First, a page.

— § —


NOTES

[1]   In West African mythology the ancestors live on in a spiritual continuum between worlds and generations. It is articulated as follows: “While anyone has the power to tap into the energies of the ancestors [it is typically the elders of the community that do this in order to] ensure that subsequent generations understand the importance of the ancestors … Morrison modifies this use of the ancestor and transforms it into a literary device that explores the manifold ways in which characters relate to their ancestors and, by extension, their communities” (Beaulieu 2003 4–7).

[2]   Zechariah is a historic character linked to the bible’s Old Testament and is thought to have helped pen the ‘Book of Zechariah’. What might be interesting and explain why Morrison chose this name for the (or one of the) ancestor figure(s) in ‘Paradise’ was because of Zechariah’s circumstances. He was said to have been in Babylon (modern-day Iraq) during the reign of Darius the Great in the era when the Jews had been exiled from Jerusalem (think: Africans forcibly transferred from Africa to the heart of America as a consequence of the slave ships) and were being encouraged to build (temporary) homes in lands they’d not originated from (think: Haven then Ruby).

[3]   As is argued, the convent is depicted as a liminal space in which, “the monolithic categories of religion, race, class, and gender converge and make cultural hybridity possible,” this is in stark contrast to Ruby and its men who, “perceive hybridity as a disruptive evil which threatens their sense of selfhood and nationhood” (Fraile-Marcos 2003 4). To be clear here, in an anthropological (and maybe to cognitive and psychological sense) liminality is the quality of ambiguity or disorientation that takes place in the middle stage of a rite of passage. French philosopher Jacques Derrida said that if learning to live is to be achieved, “it can happen only between life and death. Neither in life nor in death alone” (Anderson 146). In a liminal state of mind, the concerned individual—or protagonist in a work of fiction—will no longer hold their pre-ritual status but have not yet begun the transition to the status they will hold when the rite is complete; a stage between text and subtext, between conscious and unconscious:

Liminal Thinking (Gray 2016)
“Liminal Thinking,” an illustration by Gray (2016).

[4]   To expand on this point more fully: “By making Ruby’s success dependent on an ancestral heroic commemoration of the success of the community’s founding fathers in establishing a covenanted community in an inhospitable western landscape, by dramatising the angry accusations made by the community’s contemporary patriarchs against the younger generations when the discrepancy between its morally superior master narrative and its actual cultural practices becomes too vast to ignore, and by ultimately having Ruby scapegoat a group of unconventional women for its internal problems, Morrison invites us critically to acknowledge the presence of one of the most canonical European American narratives—that of American exceptionalism, in African American discourse”(Dalsgård 2001 244).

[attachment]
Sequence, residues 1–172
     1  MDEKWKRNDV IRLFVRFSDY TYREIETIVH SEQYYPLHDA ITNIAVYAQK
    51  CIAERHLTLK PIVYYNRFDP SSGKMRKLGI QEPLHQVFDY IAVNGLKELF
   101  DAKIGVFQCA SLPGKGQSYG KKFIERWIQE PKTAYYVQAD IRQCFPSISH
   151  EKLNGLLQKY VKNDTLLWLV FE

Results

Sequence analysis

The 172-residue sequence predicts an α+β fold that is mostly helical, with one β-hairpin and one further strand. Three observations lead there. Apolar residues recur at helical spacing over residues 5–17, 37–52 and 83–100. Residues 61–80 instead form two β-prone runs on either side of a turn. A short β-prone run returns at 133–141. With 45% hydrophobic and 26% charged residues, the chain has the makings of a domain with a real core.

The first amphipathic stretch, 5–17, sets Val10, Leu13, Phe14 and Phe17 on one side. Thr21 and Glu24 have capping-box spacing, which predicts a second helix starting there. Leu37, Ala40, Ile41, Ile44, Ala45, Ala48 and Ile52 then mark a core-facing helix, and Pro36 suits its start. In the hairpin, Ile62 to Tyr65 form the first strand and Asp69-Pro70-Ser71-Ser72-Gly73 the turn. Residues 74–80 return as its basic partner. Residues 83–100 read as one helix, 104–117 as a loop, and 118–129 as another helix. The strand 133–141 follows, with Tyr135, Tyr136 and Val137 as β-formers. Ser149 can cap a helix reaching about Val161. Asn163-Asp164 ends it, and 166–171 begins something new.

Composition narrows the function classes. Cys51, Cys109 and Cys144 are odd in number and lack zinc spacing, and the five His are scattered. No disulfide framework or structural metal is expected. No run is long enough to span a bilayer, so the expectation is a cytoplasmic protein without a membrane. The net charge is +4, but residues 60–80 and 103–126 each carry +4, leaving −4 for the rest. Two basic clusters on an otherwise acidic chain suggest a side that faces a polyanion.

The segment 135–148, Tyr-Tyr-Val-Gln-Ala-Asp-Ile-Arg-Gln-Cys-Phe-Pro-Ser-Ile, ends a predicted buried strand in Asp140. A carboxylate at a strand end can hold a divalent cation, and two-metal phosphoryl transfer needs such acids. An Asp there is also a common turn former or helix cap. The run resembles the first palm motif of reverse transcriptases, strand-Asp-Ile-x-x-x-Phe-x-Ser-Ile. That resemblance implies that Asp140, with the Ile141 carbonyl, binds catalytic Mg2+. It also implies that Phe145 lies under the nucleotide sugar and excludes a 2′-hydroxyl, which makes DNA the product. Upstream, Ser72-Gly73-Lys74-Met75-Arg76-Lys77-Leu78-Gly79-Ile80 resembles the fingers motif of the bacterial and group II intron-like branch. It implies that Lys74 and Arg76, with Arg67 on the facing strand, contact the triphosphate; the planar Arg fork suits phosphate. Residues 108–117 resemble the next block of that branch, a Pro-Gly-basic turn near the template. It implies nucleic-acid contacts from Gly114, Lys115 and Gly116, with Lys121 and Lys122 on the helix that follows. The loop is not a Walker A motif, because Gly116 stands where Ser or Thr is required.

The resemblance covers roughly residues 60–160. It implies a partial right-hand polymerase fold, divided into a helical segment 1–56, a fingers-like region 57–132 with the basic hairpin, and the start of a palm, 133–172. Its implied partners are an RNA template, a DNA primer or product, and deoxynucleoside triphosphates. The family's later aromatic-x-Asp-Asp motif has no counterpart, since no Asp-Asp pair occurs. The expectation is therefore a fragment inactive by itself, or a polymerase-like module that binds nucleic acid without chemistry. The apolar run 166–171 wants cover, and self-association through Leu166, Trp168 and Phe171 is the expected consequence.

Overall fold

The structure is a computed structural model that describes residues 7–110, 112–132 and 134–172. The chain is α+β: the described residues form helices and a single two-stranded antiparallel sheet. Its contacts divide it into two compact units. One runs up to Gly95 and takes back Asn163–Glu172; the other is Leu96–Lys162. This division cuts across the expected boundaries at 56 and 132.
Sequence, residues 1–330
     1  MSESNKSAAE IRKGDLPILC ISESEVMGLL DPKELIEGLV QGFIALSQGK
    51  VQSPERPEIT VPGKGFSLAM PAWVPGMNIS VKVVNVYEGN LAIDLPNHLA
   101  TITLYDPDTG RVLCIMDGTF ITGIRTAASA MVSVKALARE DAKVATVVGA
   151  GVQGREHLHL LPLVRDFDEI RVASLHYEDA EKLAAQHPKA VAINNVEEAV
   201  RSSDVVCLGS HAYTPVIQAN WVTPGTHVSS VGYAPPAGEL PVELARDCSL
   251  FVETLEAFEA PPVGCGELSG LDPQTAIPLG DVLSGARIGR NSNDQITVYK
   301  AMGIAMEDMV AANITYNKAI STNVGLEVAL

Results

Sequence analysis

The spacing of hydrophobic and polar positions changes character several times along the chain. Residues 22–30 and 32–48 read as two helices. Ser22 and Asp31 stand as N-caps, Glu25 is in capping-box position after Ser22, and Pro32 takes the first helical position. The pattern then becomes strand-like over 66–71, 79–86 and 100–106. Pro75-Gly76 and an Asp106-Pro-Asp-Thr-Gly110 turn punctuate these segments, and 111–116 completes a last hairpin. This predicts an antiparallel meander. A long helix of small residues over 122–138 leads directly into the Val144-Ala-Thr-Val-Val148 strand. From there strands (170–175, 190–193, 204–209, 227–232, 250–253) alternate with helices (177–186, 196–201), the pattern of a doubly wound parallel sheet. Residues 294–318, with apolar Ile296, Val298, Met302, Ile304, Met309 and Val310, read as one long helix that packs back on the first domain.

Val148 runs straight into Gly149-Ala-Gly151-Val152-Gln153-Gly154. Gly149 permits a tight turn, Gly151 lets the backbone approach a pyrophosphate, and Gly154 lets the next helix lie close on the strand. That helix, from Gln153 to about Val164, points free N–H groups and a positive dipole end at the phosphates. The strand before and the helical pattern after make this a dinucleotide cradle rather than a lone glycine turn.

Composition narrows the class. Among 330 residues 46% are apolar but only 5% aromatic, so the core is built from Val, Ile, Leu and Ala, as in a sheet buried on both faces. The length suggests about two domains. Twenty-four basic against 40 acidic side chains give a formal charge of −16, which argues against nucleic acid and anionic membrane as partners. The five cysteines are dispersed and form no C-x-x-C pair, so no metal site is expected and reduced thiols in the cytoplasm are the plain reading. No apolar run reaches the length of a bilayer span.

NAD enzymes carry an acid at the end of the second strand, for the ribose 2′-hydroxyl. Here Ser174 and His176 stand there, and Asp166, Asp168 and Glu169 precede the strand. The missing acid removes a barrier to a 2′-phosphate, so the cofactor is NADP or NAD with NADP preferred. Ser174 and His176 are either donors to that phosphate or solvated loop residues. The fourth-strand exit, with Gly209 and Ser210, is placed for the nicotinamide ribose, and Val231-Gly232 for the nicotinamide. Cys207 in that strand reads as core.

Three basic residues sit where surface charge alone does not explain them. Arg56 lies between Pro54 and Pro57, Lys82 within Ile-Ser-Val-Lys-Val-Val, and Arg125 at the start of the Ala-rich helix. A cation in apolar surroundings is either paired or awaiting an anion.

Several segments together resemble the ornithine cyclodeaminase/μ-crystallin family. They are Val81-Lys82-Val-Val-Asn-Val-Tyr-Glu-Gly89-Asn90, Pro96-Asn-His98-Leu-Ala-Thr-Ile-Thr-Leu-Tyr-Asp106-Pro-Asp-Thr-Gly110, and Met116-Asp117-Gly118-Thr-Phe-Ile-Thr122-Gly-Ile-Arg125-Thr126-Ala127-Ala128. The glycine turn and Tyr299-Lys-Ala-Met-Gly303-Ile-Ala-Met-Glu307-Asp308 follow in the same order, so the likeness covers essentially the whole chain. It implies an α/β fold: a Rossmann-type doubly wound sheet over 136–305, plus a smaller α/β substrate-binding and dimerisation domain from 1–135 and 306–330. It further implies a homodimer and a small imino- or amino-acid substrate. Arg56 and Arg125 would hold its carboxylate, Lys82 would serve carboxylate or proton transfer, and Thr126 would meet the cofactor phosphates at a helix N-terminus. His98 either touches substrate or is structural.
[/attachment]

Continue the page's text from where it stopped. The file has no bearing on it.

— § —

Works Cited

Anderson, Melanie R. “‘What Would Be on the Other Side?”: Spectrality and Spirit Work in Toni Morrison’s ‘Paradise.’” African American Review, vol. 42, no. 2, 2008, pp. 307–321. JSTOR, www.jstor.org/stable/40301213. Accessed 19 July 2020.

Beaulieu, Elizabeth Ann (Ed.). The Toni Morrison Encyclopedia. Westport, Connecticut: Greenwood Publishing Group, (2003).

Dalsgård, Katrine. “The One All-Black Town Worth the Pain: (African) American Exceptionalism, Historical Narration, and the Critique of Nationhood in Toni Morrison’s Paradise.” African American Review, vol. 35, no. 2, 2001, pp. 233–248. JSTOR, www.jstor.org/stable/2903255. Accessed 19 July 2020.

Davidson, Rob. “Racial Stock and 8-Rocks: Communal Historiography in Toni Morrison’s ‘Paradise.’” Twentieth Century Literature, vol. 47, no. 3, 2001, pp. 355–373. JSTOR, www.jstor.org/stable/3176022. Accessed 19 July 2020.

Fraile-Marcos, Ana Maria. “Hybridizing the “City upon a Hill” in Toni Morrison’s “Paradise”.” Melus, vol. 28, no. 4, 2003, pp. 3–33. https://doi.org/10.2307/3595298

Gray, David. “The roots of Liminal Thinking.” Medium. https://medium.com/@davegray/the-roots-of-liminal-thinking-3be4bea6fd63. Accessed 19 July 2020.

Kakutani, Michiko. “Worthy Women, Unredeemable Men.” New York Times. https://www.nytimes.com/1998/01/06/books/books-of-the-times-worthy-women-unredeemable-men.html. Accessed 19 July 2020.

Kota, Mounica. “The Hybridizing Nature of Ancestor Presence in Morrison’s Sula,” Oglethorpe Journal of Undergraduate Research, vol. 6 , no 2. https://digitalcommons.kennesaw.edu/ojur/vol6/iss2/8. Accessed 19 July 2020.

Krumholz, Linda J. “Reading and Insight in Toni Morrison’s Paradise.” African American Review, vol. 36, no. 1, 2002, pp. 21–34. JSTOR, www.jstor.org/stable/2903362. Accessed 19 July 2020.

Morrison, Toni. “Unspeakable Things Unspoken: The Afro-American Presence in American Literature.” The Tanner Lectures on Human Values, University of Michigan. (1988)

—————— Paradise. New York: Knopf. (1994)

—————— “Rootedness: The Ancestor as Foundation,” in T. Morrison, What Moves at the Margin (pp. 56–65). Jackson: University Press of Mississippi. (2008)

Oki, Shoko. ““War” in Toni Morrison’s Paradise: History and Its Discontinuity or Reconstruction.” Osaka Literary Review 51 (2013): pp. 37–49.

Storace, Patricia. “The Scripture of Utopia: Review of ‘Paradise,’ by Toni Morrison.” New York Review of Books. https://www.nybooks.com/articles/1998/06/11/the-scripture-of-utopia/. Accessed 19 July 2020.

The Ancestor as Figure in the novels of Toni Morrison. sg.inflibnet.ac.in/08_chapter4.pdf. Accessed 19 July 2020.

Widdowson, Peter. “The American Dream Refashioned: History, Politics and Gender in Toni Morrison’s ‘Paradise.’” Journal of American Studies, vol. 35, no. 2, 2001, pp. 313–335. JSTOR, jstor.org/stable/27556969. Accessed 19 July 2020.